Meanwhile the UK team of Ford Chip Ganassi Racing operated the FIA WEC venture. Same livery, but with a different set of drivers, which includes touring car champion Andy Priaulx and Harry Tincknell, and also bear the numbers #66 and #67. In Silverstone, the cars placed a respectable fourth and fifth respectively, with the former only missing out one lap from the #95 Aston Martin of Nicki Thiim, Marco Sørensen, and Darren Turner, and the latter is just behind. The Spa Francorchamps race meanwhile saw the #67 on podium in second place, again missing out one lap from, this time, #71 AF Corse. The #66 however didn't have the luck for this round, as they retired on lap 100 due to the crash in the infamous Eau Rouge.

At this stage, the Ford GT's journey has been a good one, but they now have only one target in mind: Le Mans.


Four Ford GTs, one goal: domination (Image: Torque News)
In the 24-hour race, Ford GT fielded four cars for the race: #66 and #67 ran under the UK team of Chip Ganassi Racing, and the last two cars, #68 and #69, ran by the original Chip Ganassi Racing Team USA. At this rate, "Domination" is in Ford's bucket list for Le Mans.

The first time the Fords stepped their foot into the mythical, 13 kilometer-length Circuit de la Sarthe, the cars seemed to pose a threat to other cars in the Free Practice session, especially the Ferraris. The best Ford GT, in this case the #68 driven by Dirk Muller at that time, posted a time of 3:54.893, lurking the two leading Ferrari 488 GTEs of AF Corse (#51) and Risi Competizione (#82). The rest of the Ford GTs finished the session within the 3:55 mark, with another AF Corse Ferrari, this time #71, snuck in between #67 and #69. All Ford GT entries did an average of 30 laps throughout the session, with #68 doing 32 and #67 doing 31.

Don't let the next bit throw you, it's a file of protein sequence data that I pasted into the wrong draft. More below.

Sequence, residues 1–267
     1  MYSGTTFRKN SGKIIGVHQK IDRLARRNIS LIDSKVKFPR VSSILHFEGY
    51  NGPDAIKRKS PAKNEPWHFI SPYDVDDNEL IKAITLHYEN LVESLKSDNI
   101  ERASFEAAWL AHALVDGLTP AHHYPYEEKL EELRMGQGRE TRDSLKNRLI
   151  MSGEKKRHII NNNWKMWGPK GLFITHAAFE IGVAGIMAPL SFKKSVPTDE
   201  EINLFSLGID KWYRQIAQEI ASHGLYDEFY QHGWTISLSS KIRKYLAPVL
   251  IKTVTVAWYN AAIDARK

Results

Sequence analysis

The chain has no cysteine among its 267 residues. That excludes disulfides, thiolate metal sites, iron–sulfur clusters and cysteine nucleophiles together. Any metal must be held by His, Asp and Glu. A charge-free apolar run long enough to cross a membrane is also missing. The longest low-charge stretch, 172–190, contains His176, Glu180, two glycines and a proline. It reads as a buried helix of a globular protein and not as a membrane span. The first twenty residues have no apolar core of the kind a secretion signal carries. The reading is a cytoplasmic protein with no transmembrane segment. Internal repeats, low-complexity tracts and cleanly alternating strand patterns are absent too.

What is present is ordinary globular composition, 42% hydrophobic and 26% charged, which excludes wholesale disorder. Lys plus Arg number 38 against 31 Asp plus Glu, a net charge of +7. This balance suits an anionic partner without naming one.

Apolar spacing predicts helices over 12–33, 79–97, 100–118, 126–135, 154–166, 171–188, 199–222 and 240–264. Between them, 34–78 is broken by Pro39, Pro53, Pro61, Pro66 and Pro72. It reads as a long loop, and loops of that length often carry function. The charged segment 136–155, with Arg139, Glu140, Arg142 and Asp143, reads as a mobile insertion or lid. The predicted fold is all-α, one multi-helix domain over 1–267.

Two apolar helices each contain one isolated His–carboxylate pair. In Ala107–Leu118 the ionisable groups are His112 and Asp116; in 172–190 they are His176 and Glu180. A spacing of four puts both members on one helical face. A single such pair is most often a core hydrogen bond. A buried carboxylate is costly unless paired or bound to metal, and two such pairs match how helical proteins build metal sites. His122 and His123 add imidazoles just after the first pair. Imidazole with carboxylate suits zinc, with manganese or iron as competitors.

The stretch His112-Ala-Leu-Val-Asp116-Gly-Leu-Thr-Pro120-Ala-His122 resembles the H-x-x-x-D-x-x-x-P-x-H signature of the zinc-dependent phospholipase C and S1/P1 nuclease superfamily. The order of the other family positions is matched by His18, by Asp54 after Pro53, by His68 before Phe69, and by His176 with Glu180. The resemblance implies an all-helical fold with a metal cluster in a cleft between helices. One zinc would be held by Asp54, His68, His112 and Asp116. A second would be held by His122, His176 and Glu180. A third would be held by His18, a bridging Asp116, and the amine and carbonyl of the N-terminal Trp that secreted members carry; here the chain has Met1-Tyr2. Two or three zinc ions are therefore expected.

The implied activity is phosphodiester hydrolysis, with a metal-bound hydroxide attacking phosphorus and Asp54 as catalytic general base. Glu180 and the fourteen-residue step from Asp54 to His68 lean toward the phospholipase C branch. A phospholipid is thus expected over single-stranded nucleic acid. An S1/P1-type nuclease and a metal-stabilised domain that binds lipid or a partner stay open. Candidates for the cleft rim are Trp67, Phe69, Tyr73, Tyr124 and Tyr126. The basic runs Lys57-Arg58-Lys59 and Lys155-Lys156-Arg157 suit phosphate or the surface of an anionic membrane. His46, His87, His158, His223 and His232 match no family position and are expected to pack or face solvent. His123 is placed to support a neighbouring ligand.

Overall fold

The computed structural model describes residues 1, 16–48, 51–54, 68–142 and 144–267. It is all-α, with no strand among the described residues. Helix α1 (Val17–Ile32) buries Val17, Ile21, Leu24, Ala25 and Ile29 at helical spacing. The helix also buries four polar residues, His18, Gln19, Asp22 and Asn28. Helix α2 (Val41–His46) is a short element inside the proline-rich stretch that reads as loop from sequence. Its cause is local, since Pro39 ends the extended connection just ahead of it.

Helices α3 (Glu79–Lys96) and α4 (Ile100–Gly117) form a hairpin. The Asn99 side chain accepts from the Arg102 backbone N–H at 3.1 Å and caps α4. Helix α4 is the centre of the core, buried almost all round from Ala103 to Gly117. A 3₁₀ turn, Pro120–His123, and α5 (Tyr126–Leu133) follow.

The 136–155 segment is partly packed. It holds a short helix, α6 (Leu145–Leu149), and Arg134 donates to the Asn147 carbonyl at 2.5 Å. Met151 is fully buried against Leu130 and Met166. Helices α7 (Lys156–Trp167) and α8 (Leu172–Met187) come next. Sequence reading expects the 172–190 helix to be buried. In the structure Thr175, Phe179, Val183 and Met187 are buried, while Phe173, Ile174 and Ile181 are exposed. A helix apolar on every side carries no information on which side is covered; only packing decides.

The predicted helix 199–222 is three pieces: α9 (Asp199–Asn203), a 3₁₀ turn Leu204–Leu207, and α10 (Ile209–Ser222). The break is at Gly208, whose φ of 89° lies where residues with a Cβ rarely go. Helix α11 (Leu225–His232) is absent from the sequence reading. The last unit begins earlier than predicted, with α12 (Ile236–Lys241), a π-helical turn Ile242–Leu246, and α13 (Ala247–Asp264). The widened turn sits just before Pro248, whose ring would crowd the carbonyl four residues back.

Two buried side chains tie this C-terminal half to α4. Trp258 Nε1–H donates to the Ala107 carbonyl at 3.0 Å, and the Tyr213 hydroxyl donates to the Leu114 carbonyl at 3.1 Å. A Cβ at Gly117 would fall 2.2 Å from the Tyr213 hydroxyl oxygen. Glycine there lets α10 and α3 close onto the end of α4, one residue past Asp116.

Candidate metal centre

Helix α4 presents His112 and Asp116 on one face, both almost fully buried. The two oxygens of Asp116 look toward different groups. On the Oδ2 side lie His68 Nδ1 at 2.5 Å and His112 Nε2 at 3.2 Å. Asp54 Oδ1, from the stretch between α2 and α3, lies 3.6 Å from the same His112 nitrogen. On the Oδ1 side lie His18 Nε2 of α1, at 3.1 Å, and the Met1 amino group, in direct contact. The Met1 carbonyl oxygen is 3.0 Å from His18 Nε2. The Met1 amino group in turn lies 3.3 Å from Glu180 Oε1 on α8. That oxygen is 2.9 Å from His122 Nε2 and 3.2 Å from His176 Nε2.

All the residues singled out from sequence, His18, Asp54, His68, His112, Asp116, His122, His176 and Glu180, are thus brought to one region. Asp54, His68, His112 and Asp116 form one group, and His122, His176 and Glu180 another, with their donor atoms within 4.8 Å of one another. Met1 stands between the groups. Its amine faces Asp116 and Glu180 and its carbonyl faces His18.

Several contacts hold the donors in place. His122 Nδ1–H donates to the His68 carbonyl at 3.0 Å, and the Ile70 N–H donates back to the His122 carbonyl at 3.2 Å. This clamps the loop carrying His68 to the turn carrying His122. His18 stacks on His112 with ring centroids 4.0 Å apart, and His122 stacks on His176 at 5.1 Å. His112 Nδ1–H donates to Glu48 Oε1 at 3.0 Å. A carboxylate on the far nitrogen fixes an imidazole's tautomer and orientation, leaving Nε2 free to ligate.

Come Qualifying, the Ford GTs showed its true power, with the American entries taking top two positions in class and Dirk Muller taking the #68 leading with a time of 3:51.185 and Richard Westbrook's #69 following after 0.312 seconds behind. The other Ford GTs finished the session sandwiched by the AF Corses, while other entries didn't seem to catch Ford's waves. The session ended with a red flag due to Risi's Ferrari being stuck in Porsche Curves's gravel trap. Looking at the gap to other manufacturers, it was no question that Ford GTs were subject to what can be touted as "The Failed BoP" whose notoriety was on par with Taylor Swift/Tom Hiddleston affair, and that was where all the clusterchuck began.

The second and third sessions didn't see any improvement from the majority of the entries as the rain progressively drenched the track, yet it did call for a light-hearted Safety Car attraction presented by Yannick Dalmas somewhere in the third session. The GTE Pro starting grid stood as it was in the first qualifying session.

A Ford GT chasing victory in Le Mans. (Image: Business Insider)
As the race started, after almost an hour of Safety Car due to the heavy rain condition, one of the Ford GTs, the #67 one to be exact, didn't seem to have the kick it needed even before the race start due to the fact that it suffered a faulty gearbox, resulting in the car rejoining far, far away. The #51 became a threat for the #66 car and soon enough the Ferrari took control of the GTE Pro lead after the leading #68 was powerless, yet Porsche Motorsport's 911 RSRs toppled both of them in the damp conditions.

One sunset later, #28 Pegasus triggered a slow zone at the Mulsanne after hitting the tire barriers, and minutes later Team AAI triggered another slow zone, this time at the Porsche Curves. The #67 Ford apparently had another bad luck after hitting the barrier 15 minutes before the eight hour mark, and at that time the #68 still maintained its lead. The Maranello Camp meanwhile had a much bitter news: both AF Corses dropped out in a different time frame, with the #71 in 143 lap mark and #51 in 179 due to engine failure. As a result, the #82 Risi Competizione was the last Ferrari standing. They were leading in class until the race went past 4:30 hours of duration where the #68 Ford GT blazed past Risi.